Studies show 30% of European workers suffer from back pain - the most common work-related injury. Trying to work with a sore back can make shifts uncomfortable due to the pain and also potentially affect your day-to-day life. Although it can depend on the person, here’s a list of why you could be experiencing lower back pain after working all day and some changes you can make.
- Postural Stress
- Your Mattress
- Heavy Lifting
- Standing Up All Day
- Not Exercising or Stretching
- Poor Footwear
When you’re standing up and walking around, you increase the pressure on your spine which tightens the lower back muscles - leading to pain. If you’ve tried to relax and have made changes that haven’t resulted in any improvements, it might be time to see a medical professional.
If your back pain doesn’t go away after working all day, call your doctor and tell them of all the symptoms you’ve noticed. They’ll figure out why you’re suffering from lower back pain and also discuss treatments relevant to your injury.
The very area you go home to rest after working can be the reason you suffer from back pain. A mattress that’s too soft can potentially cause your spine to fall out of alignment all night, whereas a firm mattress can cause possible joint pressure in your hips and leads to lower back pain.
Find a mattress that fits in between these categories or one that moulds to your body so you get added comfort and support when you’re resting.
If you work in an environment where you constantly lift heavy objects and bend forward in awkward positions to do so, it’s likely this is causing you lower back strain. When you regularly lift heavy objects, you’re at risk of twisting your spine which can impact your ligaments, muscles, blood vessels and even connective tissues.
It’s a good idea to visit your doctor as an x-ray can provide a clearer picture of what the extent of your lower back pain is.
When you’re at work, don’t lift objects that are too heavy for you. When you need to lift something, keep your back straight, head up and lift with your knees. To keep your back in balance, tighten your stomach muscles and don’t lean over the objects. It’s also a good idea to lift more often, but with lighter weights. Also, receive support from colleagues where possible.
Standing Up All Day
When you’re on your feet all day, your joints feel the pressure as all the weight is on your lower body. Standing up all day in the same position with minimal movement can lead to a range of lower back issues - along with sore ankles, hips, painful knees and hips. As the day goes on, you might feel even more pain towards the end of your shift as your spine continues to feel the pressure.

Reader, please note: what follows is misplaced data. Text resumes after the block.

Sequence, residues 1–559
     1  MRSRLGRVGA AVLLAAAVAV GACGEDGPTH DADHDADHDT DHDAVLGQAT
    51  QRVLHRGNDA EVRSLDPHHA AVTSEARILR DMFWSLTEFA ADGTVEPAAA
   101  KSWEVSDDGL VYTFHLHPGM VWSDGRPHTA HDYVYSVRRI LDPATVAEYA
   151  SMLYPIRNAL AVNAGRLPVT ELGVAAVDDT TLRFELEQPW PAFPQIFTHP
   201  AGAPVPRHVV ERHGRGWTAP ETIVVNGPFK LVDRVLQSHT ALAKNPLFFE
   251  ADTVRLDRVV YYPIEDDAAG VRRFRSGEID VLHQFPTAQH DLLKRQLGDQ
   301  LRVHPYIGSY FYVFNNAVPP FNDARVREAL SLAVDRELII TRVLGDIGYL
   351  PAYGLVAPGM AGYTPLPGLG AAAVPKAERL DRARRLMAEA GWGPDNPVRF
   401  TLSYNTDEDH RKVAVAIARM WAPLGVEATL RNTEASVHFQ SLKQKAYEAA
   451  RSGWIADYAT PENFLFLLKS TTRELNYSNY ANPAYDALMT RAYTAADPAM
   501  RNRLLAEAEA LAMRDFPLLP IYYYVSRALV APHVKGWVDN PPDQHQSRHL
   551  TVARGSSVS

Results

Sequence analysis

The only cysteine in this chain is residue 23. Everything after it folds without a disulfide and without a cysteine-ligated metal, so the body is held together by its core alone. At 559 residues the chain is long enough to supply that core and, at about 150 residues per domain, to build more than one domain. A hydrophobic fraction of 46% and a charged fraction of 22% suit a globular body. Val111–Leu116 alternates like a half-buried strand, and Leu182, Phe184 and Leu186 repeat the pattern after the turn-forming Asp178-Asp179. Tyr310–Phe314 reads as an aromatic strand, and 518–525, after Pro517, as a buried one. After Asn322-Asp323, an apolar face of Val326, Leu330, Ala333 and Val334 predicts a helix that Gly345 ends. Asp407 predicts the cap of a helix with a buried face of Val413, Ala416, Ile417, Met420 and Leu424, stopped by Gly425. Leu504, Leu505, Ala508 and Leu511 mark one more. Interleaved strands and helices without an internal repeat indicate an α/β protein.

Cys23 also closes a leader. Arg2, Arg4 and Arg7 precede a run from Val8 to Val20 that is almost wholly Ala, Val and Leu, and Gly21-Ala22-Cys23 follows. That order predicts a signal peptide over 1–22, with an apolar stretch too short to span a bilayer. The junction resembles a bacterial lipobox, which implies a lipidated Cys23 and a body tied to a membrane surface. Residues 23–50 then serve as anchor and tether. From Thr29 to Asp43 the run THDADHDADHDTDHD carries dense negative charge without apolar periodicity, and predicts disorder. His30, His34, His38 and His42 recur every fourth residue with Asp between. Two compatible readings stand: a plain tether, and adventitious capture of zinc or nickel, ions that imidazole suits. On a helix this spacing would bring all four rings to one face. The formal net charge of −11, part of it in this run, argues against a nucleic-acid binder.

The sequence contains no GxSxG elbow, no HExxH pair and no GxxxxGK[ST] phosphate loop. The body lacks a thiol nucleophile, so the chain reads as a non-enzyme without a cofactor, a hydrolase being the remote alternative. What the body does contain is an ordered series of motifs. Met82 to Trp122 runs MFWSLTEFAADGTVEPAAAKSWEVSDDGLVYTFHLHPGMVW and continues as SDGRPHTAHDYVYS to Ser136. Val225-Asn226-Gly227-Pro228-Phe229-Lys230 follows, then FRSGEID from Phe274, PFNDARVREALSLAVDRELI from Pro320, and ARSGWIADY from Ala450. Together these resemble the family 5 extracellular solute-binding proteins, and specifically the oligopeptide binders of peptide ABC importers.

Taking regular breaks and sitting down can relieve enough of the pressure from your lower back to reduce the pain significantly. When you do sit down, make sure you sit up straight as your posture is important for weight distribution.
Not Exercising or Stretching
When you have lower back pain after working all day and you aren’t doing any exercises or stretches to help, the pain is only going to get worse. Think of how long you’re on your feet for and how much pressure your spine and joints feel. By doing this repeatedly without anything to help, the condition of your lower back can potentially get much worse and lead to bigger issues.
Do exercises and stretches that will alleviate the pain on your lower back and joints. Find which exercises and stretches help with your lower back pain and do them often.
The right pair of shoes play a big role in lower back pain management. When you’re standing up all day or walking around during your shift with the wrong types of footwear, you’re putting much more weight on your feet.
The excessive foot motion because of the wrong pair of shoes means the muscles on the insides of legs must work harder to pull your feet up. The longer you wear uncomfortable or unsuitable footwear during work, the more pressure it adds to your joints and lower back.
Try out a comfort insole with extra cushioning or one with a gel layer to see if there are any improvements. The right pair of shoes need to feature arch support to help with weakness, pain and swelling while also being the right size to avoid circulation or tripping hazard issues.
Other features to help with the pain include comfort, slip-resistance and ventilation. If you lift heavy items, make sure your shoes include steel toes and puncture-resistant materials.
Find the Right Shoes to Help Avoid Lower Back Pain
If you’re getting lower back pain after working all day, it’s time to make some changes and it can start with your shoes. Although, what works for a nurse might not be suitable for chefs or cleaners. If you need a little more help, take a look at our buying guide.
It features helpful tips on the features to look for in a shoe suitable for your role and things to remember before buying your next pair. Download the guide below to find the perfect footwear for you.